Home prices in Canada could drop nearly 7% in 2021, report says

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Home prices across Canada could fall about 7% in 2021, as unemployment dampens the hot real estate market, according to a forecast from Moody’s Analytics, Inc.There is a “dangerous” oversupply of new single-family homes in Calgary and Edmonton, in addition to affordability concerns in Vancouver and Toronto, the financial intelligence firm said in a report this week.

“The housing market will no longer be able to escape the poor condition of the labor market,” says the report, which uses data from a subsidiary of Brookfield Asset Management Inc., RPS Real Property Solutions Inc.

“Even lower interest rates will not be enough to save the housing market. ”

Moody’s report did not go into detail on how it created the forecast, but said its home price index for 2021 also forecast a 6.7% drop for single-family homes and 6%. , 5% for condominium apartments.

Moody’s prediction comes after the Canadian Real Estate Association announced record home sales in July and August amid low mortgage rates.

Some optimists expect this record to continue. A survey of ReMax brokers earlier this month suggested that average residential home prices could increase 4.6% by the end of 2020.

CMHC echoes predictions

But Moody’s forecasts indicate that the real estate industry will lose momentum in the first half of 2021, and it’s not the only one. Canada Mortgage and Housing Corporation economist Bob Dugan also predicted earlier this week that house prices will fall in the future.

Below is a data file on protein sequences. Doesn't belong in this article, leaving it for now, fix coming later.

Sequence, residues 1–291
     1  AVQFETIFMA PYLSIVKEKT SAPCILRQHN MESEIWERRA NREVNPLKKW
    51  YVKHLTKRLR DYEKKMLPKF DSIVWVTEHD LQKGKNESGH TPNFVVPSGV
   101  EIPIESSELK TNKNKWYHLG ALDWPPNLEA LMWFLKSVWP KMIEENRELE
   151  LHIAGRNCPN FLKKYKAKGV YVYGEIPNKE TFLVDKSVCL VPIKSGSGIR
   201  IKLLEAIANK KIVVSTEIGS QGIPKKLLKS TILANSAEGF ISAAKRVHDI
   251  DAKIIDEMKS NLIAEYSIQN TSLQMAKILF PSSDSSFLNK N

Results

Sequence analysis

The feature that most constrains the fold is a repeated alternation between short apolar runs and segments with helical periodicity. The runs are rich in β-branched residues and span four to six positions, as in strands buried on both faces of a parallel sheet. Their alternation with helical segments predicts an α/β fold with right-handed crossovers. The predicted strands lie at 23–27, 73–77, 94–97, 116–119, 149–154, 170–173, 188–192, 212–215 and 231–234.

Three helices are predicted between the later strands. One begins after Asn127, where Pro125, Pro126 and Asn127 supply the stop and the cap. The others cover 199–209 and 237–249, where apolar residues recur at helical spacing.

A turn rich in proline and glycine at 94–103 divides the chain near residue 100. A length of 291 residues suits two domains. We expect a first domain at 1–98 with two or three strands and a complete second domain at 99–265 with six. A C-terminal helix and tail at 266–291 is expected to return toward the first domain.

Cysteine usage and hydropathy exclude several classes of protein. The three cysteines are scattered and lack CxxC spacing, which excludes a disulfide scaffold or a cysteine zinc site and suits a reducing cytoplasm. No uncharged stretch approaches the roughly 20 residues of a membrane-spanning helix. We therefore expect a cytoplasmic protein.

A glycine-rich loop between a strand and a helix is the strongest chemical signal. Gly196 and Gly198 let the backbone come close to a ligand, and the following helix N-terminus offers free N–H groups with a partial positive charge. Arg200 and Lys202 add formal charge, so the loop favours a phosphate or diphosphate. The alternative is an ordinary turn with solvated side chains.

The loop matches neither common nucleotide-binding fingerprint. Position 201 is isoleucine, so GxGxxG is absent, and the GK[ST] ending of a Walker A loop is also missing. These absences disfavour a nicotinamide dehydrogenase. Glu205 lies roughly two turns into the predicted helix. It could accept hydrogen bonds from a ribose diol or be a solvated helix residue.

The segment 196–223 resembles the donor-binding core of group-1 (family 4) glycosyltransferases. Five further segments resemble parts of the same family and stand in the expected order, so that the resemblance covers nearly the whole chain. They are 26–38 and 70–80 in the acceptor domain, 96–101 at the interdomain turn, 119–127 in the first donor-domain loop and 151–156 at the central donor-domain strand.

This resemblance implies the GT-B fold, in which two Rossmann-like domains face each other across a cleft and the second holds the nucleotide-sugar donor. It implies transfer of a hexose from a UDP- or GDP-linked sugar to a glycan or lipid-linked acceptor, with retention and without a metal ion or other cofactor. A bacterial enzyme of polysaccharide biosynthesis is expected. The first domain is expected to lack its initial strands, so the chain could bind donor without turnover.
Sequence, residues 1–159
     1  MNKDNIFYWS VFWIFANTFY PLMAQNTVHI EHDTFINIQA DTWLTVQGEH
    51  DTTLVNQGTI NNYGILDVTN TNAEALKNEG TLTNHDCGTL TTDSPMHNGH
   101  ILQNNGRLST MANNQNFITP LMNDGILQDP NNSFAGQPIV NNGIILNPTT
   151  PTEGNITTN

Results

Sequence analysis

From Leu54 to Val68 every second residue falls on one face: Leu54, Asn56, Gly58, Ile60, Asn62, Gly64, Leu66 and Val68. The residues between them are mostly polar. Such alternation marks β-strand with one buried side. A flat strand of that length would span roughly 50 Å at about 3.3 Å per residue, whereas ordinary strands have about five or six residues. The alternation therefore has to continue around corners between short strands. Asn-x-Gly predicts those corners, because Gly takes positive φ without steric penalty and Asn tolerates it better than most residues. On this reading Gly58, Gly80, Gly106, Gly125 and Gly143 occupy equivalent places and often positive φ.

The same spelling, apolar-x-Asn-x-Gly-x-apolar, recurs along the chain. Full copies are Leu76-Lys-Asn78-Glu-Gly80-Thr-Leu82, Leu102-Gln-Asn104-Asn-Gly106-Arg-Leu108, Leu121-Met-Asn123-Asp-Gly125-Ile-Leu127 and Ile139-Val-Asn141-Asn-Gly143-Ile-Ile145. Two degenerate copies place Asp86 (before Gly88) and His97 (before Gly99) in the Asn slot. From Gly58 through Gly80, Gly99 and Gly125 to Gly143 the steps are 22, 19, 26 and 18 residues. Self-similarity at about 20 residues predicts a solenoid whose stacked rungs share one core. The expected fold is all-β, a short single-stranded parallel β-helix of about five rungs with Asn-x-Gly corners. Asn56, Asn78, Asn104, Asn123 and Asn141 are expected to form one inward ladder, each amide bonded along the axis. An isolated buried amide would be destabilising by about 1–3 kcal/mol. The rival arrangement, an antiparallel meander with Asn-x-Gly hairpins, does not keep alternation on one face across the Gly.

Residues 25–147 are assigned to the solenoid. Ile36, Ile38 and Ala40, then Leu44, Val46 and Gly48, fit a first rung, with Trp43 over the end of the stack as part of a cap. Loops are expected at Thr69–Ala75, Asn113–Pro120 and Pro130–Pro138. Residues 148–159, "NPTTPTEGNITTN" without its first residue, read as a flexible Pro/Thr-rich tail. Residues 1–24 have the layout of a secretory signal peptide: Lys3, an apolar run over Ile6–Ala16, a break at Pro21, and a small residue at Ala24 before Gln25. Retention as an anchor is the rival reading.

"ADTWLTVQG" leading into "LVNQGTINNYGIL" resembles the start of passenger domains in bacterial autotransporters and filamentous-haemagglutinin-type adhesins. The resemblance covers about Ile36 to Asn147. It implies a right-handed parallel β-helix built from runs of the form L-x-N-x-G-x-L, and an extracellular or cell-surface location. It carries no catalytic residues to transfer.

“Moody’s Analytics expects the short-lived burst of growth in the third quarter to produce too few job gains to significantly reduce unemployment,” the report said.

For example, Moody’s said housing starts – a closely watched statistic that rebounded strongly this summer – in part reflects investments made before the pandemic.

“Builders spent too much money on projects to abandon them,” the report said.

While house prices would fall in all regions according to Moody’s model, the impact would be uneven and favor small, affordable markets. While lower immigration may hurt condos in urban markets, Moody’s has suggested that buyers looking for more space may turn to Oshawa, Ont., As prices rise in other Toronto suburbs like Mississauga.

The Prairies strike hard

Moody’s forecast hits the Prairies particularly hard, amid shrinking government support, the end of mortgage payment deferrals and ongoing struggles with consumer debt and unemployment. The report notes that bankruptcy filings and insolvency proposals have been increasing since the end of 2018.

“The pandemic will lead to an even greater worsening of economic inequalities, including in housing,” the Moody’s report said.

“While the demand for single-family homes with lots of space and large pantries may increase, the demand for smaller apartments and condos may also increase given the struggle many families will face to save for a down payment. . ”

If a COVID-19 vaccine comes out in the second half of 2021, the report suggests house prices will rebound in 2022.

“A second downward step in the labor and financial markets caused by a new wave of COVID-19 this fall and winter could lead to a larger-than-expected drop in house prices,” the report said.

“The development and large-scale deployment of a highly effective coronavirus therapy or vaccine remains the biggest wildcard in the forecast. If a vaccine is delayed, so is the time of recovery. “

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